Next we headed to the Rock Shelter. Wendy wasn’t interested and the kids were tired of walking, but I wanted to see it because the park newsletter said it’s about a 1/4-mile roundtrip and was used by Native Americans 1,400 years ago. I’m not a history buff but it seemed like a very small investment for something kind of cool, so we went. It was not 1/4-mile roundtrip; it was probably half a mile, up a hill with a steep drop-off. No biggie really, had it been interesting. I don’t know what I was expecting; my disappointment is my own fault. It was, quite literally, a rock shelter and nothing more. Yep, those are rocks. The one on top sticks out a bit more, so yeah, I guess people could sit under it in the rain. 


Darwin got tired and didn’t want to walk anymore. Emerson wasn’t tired but didn’t feel like walking anymore. So on the way back down, I carried Darwin on my shoulders and Wendy kept encouraging Emerson to run in spurts, so it’d be entertaining for him. We were back at the car in no time.



Before heading home, we bought hot dogs from the General Store then Wendy and I took turns walking Happy Creek Trail while the kids slept in the car. “Hmm, Contented Creek maybe,” Wendy said when she returned, “but I wouldn’t go so far as to say Happy.” That made me laugh. I took my turn traversing the boardwalk through the forest, next to the little creek. Yeah, contented, I thought, that’s about right.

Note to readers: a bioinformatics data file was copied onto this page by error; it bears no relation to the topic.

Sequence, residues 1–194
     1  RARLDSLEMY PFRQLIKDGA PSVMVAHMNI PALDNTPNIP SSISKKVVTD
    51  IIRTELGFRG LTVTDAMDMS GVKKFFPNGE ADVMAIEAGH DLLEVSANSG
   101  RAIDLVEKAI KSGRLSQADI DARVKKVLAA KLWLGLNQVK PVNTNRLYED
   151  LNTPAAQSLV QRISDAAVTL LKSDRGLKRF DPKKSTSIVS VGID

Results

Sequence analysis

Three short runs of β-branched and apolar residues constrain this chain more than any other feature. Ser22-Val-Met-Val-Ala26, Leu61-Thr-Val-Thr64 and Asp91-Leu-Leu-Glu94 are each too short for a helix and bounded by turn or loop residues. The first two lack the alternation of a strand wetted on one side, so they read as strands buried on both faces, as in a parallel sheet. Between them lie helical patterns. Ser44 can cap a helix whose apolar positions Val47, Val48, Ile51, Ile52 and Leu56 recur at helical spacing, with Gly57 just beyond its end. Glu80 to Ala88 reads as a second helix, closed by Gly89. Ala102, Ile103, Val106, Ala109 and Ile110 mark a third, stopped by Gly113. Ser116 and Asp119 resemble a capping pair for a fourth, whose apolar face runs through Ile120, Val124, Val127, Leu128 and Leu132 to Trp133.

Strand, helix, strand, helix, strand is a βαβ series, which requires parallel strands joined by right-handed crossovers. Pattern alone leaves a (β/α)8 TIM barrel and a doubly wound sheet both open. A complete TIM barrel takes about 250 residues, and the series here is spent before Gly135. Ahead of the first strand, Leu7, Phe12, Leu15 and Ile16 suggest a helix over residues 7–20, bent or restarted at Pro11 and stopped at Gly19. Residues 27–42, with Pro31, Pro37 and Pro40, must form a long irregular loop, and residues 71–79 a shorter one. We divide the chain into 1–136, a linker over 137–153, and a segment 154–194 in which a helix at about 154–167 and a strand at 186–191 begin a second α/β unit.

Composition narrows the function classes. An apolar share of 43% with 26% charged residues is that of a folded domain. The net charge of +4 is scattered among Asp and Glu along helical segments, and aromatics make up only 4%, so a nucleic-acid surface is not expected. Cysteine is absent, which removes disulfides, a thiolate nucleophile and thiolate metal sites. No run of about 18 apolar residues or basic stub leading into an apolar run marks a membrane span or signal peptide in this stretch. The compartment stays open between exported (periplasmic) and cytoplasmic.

We returned from the day’s activities around 2:30 to find another screen had bitten the dust. We had followed the same morning protocol as Olympic with the exception of turning on the radio because we can’t find an FM or AM station here, but for some reason it hadn’t worked. Later, we realized CeCe and Clark may have been able to see people and dogs walking along the road near our campsite, so that could’ve done it. We’ll have a chance to test it out again when we go to our next stop—the Lake Roosevelt National Recreation Area.



We leave tomorrow and will be pretty well rested. We didn’t do much here in North Cascades; there isn’t a whole lot to do, really. And our campsite is nice—it’s big, private, and right by Diablo Lake. We spent four days here—two of them sight-seeing and two in camp, just sitting outside and playing with the kids.

We’re spending three nights at Lake Roosevelt, which will probably go pretty quickly since we have some chores and errands planned, like visiting a laundromat, grocery store, and Target or Walmart. Diapers are getting low and the light in the kids’ crib that Wendy fixed in Olympic is pulling away from the wall again.


We already removed the button so it won’t turn on (‘cause boy was that fun for them), but the fixture itself has exposed edges the kids pull on when they’re supposed to be napping. We’re going to see if putting a ribbon of caulk around it will prevent their little fingers from finding their way behind the light, which is covering a nickel-sized hole in the wall with two protruding wires.


Dogs and toddlers and trailers, oh my.


Read the next trip report: Lake Roosevelt National Recreation Area and the Missoula KOA